Satellite images can help save elephants, especially the ones that are decreasing in number in Africa, a new study says.
The University of Oxford Wildlife Conservation Research Unit (WildCRU) and Machine Learning Research Group have detected elephants from space with comparable accuracy, thanks to Worldview 3, one of the highest resolution imageries made by Maxar Technologies.
The team led by Isla Duporge at WildCRU counts elephants from space. Since the population of African elephants called Loxodonta Africana has decreased dramatically over the last century because of poaching, retaliatory killing from crop raiding and habitat fragmentation, Duporge and her team is doing what is needed — monitoring them with accurate coordinates.
As some of the existing methods have a potential to lead misunderstanding population trends of elephants, WildCRU in collaboration with Isupova and her team is set out to solve these problems.
Currently, the most common technique for surveying elephant populations in savannah environments is aerial counts from manned aircrafts. The academics said aerial surveyors can get exhausted and are sometimes hindered by poor visibility. In such circumstances, the satellite technology can come in handy.
Satellites can collect upwards of 5000 km² of imagery in one pass and are captured in a matter of minutes, eliminating the risk of double counting. Repeat surveys are also possible at short intervals.
How does empirical application work?
At the beginning, the satellite images started to appear like grey blobs in a forest of green splotches, but after taking a closer look and inspection, it can be seen that elephants are wandering through the trees. Scientists are using these images to count African elephants from space. The pictures come from an Earth-observation satellite orbiting 600km (372 miles) above the planet’s surface.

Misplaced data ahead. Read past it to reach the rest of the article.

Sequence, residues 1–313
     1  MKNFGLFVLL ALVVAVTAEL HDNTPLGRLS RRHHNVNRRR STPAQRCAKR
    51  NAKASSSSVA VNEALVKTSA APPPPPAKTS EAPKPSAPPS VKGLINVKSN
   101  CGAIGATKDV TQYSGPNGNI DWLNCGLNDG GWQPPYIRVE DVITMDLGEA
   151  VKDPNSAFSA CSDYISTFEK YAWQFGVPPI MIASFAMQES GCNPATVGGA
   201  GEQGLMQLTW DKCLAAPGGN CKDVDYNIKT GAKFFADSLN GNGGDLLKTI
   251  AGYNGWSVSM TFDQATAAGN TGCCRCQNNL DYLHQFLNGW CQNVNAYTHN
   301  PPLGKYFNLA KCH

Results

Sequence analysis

Machine learning takes care of the laborious counting of the elephants – the systems are trained to identify them in a variety of backdrops.
The lead scientist Isupova from the University of Bath says that they just present examples to the algorithm and tell it, ‘This is an elephant, this is not an elephant.’
“By doing this, we can train the machine to recognise small details that we wouldn’t be able to pick up with the naked eye.”
The scientists first gave it a try on South Africa’s Addo Elephant National Park.
The leader of WildCRU’s team, Dr Isla Duporge, said; “It has a high density of elephants.”
“And it has areas of thickets and of open savannah, so it’s a great place to test our approach,” she said.
“While this is a proof of concept, it’s ready to go. And conservation organisations are already interested in using this to replace surveys using aircraft,” Duporga added.
Although conservationists will have to pay for access to commercial satellites and the images they capture, this approach could vastly improve the monitoring of threatened elephant populations in habitats that span international borders, where it can be difficult to obtain permission for aircraft surveys.
According to the scientists, the technique could be also used in anti-poaching operations.
“And of course, [because you can capture these images from space,] you don’t need anyone on the ground, which is particularly helpful during these times of coronavirus,” Dr Duporge said.
“In zoology, technology can move quite slowly. So being able to use the cutting-edge techniques for animal conservation is just really nice,” Duporge added.